Internal Satisfaction Through an External Practice

I recently took a stab at poetry reviewing after reading the poetry collection of Laura Solomon, The Hermit. This was a very taxing process and, to be honest, if I had realized how difficult writing a poetry review was I probably would not have taken on the challenge as the extremely inexperienced book reviewer I am. As I was preparing for my poetry review, reading through Solomon’s work over and over again, I understood the idea at the heart of the collection, but I was not excited or inspired in writing the review. I was looking for interesting uses of literary techniques and artistic plays on language. These key points were evident throughout the collection, but did not leave enough of an impact I thought. It was not until I began reading them out loud that I was truly intrigued.

I understand that the reader can visually digest the play on language, point out the use of poetic devices, and appreciate the visual flow of the wording. Some poetry is best taken in through visual exploration. On the other hand, one can better understand rhythm, the use of repetition in sounds, and the essence of the poem through its aural breaks and pauses. Some poetry is best taken in when heard. Solomon’s The Hermit seems to be one of them. Her use of different languages in poems such as Golosine, her choice of short verbs and adjectives to keep a certain pace, as in Tutti Fanno La Caca Perche Io No and I Explain Something About Spain to Emanuele Poeta, as well as many other precise choices are more obvious to the reader while being read aloud.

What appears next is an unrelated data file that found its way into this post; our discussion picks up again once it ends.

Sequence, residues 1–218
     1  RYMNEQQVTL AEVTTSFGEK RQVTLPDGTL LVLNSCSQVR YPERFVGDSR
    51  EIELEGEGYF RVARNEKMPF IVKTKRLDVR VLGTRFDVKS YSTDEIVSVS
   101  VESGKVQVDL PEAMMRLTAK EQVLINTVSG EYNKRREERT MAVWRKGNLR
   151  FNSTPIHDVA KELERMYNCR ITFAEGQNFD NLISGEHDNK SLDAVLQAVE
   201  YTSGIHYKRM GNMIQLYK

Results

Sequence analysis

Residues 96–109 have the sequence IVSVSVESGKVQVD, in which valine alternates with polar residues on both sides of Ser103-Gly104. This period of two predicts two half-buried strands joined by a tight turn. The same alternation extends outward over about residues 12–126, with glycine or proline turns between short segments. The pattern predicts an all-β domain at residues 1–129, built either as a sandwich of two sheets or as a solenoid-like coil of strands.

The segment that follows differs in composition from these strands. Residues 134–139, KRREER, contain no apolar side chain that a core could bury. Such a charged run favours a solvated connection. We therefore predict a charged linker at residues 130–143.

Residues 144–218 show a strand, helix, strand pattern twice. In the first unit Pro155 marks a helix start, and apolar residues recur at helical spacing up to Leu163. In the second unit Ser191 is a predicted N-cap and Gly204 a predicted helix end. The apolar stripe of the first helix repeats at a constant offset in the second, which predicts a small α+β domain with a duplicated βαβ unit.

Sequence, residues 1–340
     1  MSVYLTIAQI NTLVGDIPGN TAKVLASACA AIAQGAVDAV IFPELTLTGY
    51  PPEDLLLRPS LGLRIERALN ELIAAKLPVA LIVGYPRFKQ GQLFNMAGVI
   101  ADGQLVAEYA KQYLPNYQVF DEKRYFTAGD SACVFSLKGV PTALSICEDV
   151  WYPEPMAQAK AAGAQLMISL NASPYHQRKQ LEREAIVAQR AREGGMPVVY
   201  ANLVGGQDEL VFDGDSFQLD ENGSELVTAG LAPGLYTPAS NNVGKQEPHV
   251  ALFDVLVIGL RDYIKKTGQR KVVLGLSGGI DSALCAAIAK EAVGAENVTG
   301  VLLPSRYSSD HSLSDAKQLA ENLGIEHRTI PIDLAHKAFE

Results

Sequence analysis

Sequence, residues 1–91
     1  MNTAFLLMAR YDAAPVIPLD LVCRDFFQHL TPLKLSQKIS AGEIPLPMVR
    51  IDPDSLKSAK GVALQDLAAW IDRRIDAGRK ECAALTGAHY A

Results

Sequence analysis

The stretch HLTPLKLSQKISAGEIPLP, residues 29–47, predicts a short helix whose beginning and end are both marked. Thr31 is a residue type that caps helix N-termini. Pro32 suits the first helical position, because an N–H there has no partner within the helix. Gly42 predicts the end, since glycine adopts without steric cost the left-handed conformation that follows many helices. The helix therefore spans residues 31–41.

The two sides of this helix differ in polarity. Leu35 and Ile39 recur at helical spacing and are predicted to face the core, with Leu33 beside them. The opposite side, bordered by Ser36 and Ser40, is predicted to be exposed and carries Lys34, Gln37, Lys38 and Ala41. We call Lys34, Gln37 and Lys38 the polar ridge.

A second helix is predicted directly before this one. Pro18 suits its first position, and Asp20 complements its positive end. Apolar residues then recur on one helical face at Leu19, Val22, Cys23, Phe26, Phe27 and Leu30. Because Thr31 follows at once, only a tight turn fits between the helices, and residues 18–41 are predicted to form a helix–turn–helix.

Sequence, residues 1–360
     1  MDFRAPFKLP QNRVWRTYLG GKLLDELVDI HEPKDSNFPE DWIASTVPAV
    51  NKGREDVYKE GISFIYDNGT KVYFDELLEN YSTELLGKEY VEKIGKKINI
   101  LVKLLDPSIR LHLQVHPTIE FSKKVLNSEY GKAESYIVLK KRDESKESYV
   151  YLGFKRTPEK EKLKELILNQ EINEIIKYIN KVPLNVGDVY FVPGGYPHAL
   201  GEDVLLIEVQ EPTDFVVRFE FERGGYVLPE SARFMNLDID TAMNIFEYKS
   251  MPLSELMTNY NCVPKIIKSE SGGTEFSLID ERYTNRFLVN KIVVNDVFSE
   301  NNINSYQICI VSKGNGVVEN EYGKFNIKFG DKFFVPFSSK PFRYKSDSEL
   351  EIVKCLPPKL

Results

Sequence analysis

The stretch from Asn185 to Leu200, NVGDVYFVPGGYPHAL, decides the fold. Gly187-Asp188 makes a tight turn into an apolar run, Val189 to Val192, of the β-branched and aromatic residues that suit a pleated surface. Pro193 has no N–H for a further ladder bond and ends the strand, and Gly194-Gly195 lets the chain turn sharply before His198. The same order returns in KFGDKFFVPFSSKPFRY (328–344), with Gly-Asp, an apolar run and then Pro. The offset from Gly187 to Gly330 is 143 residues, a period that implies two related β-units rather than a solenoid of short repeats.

The idea that one has greater aesthetic pleasure through reading poetry aloud, whether the poet intended that pleasure or not, has been around for a very long time. Even poetry greats such as Shelley and Wordsworth have created works in this manner. Percy Shelley’s Ozymandias, for example, is packed with alliteration and assonance. This can be spotted even while reading it in silence, but the reader would not experience the sounds that play off of your tongue throughout the piece that way. When looking at William Wordsworth’s Upon Westminster Bridge the reader can experience the rhythm and the flow of the piece. The use of short words creates a pattern of sound that emphasizes certain words when vocalized. Famous poetry that is better read aloud does not stop there though.

This way of reading has personally helped me through a lot of poetry difficulties, such as what I encountered while writing my review on Laura Solomon’s The Hermit. It is a process that the average reader can practice to better understand the poem, or even to experience a new insight into the poetry. You would be surprised by how many poets use this process to better their piece, and you will never know the extent of it until you try!

-Kaylee Monga


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